Steve Jones Recalls How Sex Pistols Lost Focus On Music After Hiring Sid Vicious
Sex Pistols guitarist Steve Jones recently joined BBC Radio 5’s Headliners and remembered how recruiting Sid Vicious affected the band’s focus on their music.
In early 1977, the punk rock icon Sid Vicious joined the Sex Pistols as Glen Matlock’s replacement. Before joining the band, he was Johnny Rotten’s friend and a die-hard fan of the band himself. During his tenure with the band, Vicious gained recognition for his antics and notorious behavior rather than his musicianship.
Although Vicious enjoyed remarkable success and fame with the Sex Pistols, joining the band harmed him. Being that famous wasn’t an easy task the rocker could handle, and his toxic relationship with Nancy Spungen affected his mental health due to their heavy drug abuse. In the end, the iconic musician died of a heroin overdose.
As it turns out, Sid Vicious not only damaged himself during his tenure with the Pistols. The band’s guitarist Steve Jones recalled the time Pistols hired the musician and revealed how he affected the band’s career during a recent interview with BBC Radio 5’s Headliners. According to Jones, they focused more on music when Glen Matlock was in the group.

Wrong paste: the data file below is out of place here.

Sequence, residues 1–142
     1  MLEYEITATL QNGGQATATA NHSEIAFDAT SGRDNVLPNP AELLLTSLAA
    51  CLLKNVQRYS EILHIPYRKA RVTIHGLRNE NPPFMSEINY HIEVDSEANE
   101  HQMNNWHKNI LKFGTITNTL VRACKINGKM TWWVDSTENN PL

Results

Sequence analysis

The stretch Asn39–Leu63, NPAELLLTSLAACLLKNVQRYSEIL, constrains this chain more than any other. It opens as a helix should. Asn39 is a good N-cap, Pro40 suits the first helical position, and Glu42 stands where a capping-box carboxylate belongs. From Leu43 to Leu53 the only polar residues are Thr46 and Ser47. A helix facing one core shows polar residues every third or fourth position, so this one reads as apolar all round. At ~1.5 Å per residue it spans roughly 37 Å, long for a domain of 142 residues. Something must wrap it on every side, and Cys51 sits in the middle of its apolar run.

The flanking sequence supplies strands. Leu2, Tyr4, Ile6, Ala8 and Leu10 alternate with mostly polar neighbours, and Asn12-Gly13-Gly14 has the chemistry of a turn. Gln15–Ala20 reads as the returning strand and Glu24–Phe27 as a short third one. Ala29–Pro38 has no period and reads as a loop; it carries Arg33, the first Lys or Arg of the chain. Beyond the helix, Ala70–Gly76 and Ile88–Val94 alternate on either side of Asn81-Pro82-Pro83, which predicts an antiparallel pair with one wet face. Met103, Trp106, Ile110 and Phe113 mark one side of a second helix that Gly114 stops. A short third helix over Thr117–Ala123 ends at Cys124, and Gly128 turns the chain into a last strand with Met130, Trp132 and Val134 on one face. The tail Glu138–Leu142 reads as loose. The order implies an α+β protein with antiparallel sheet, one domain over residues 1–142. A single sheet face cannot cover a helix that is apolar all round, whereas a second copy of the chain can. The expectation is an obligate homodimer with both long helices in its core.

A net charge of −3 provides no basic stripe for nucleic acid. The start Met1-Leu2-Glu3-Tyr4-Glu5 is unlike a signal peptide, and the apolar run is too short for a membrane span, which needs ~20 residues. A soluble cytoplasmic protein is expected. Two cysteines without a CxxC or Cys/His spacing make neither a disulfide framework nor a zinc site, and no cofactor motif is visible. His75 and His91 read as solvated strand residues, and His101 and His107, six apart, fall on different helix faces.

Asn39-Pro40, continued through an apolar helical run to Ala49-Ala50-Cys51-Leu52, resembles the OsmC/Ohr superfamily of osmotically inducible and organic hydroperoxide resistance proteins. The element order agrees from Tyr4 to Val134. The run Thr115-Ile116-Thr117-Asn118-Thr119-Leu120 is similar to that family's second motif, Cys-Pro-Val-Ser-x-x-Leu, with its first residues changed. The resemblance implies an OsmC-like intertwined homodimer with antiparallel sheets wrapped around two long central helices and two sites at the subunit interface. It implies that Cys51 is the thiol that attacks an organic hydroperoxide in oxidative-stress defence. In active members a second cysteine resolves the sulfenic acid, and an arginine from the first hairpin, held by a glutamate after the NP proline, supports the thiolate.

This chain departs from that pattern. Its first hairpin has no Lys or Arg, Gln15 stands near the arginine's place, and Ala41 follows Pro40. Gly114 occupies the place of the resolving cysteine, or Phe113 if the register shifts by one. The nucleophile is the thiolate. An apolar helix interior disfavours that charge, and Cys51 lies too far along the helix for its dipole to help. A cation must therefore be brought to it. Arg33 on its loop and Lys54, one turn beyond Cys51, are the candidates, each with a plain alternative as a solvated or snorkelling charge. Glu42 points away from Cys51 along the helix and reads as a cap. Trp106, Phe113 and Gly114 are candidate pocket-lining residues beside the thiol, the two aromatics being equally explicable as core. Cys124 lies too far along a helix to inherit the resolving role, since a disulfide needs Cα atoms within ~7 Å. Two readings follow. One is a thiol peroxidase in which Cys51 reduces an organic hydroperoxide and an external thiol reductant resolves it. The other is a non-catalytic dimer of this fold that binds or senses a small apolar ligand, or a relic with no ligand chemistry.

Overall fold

Jones recalled when Sex Pistols joined Bill Grundy on Thames Television’s Today program and used vulgar language during the interview. According to Jones, things turned into a circus after that show. He then said they were free to write what they wanted, and despite the controversy surrounding them, they had a great time during that period.
Speaking to BBC Radio 5’s Headliners, Steve Jones said the following:
“When Glen Matlock was in the band, we were definitely focusing more on music. You know, that was a big part of it. Then it turned into a bit of a circus after Grundy, and it just got silly; I don’t know the word for it. We might have been a bit naive at first, but that was its charm. Because, you know, we didn’t have any record company saying, ‘I don’t hear any singles.’
We were writing how we heard it. And it was all innocent, the writing process back then. And then, it was all over in two years. It was one album. It was a great time. There was luck in there, there was talent, and it was a destiny that was meant to happen. And I think it was meant to implode.”
In a previous interview, Steve Jones argued that Sid Vicious and Nancy Spungen’s relationship changed the whole dynamics of Sex Pistols. Moreover, Jones also said it was a relief Vicious wasn’t there during the recordings of ‘Never Mind the Bollocks.’ So, it seems Vicious was causing lots of trouble in the band.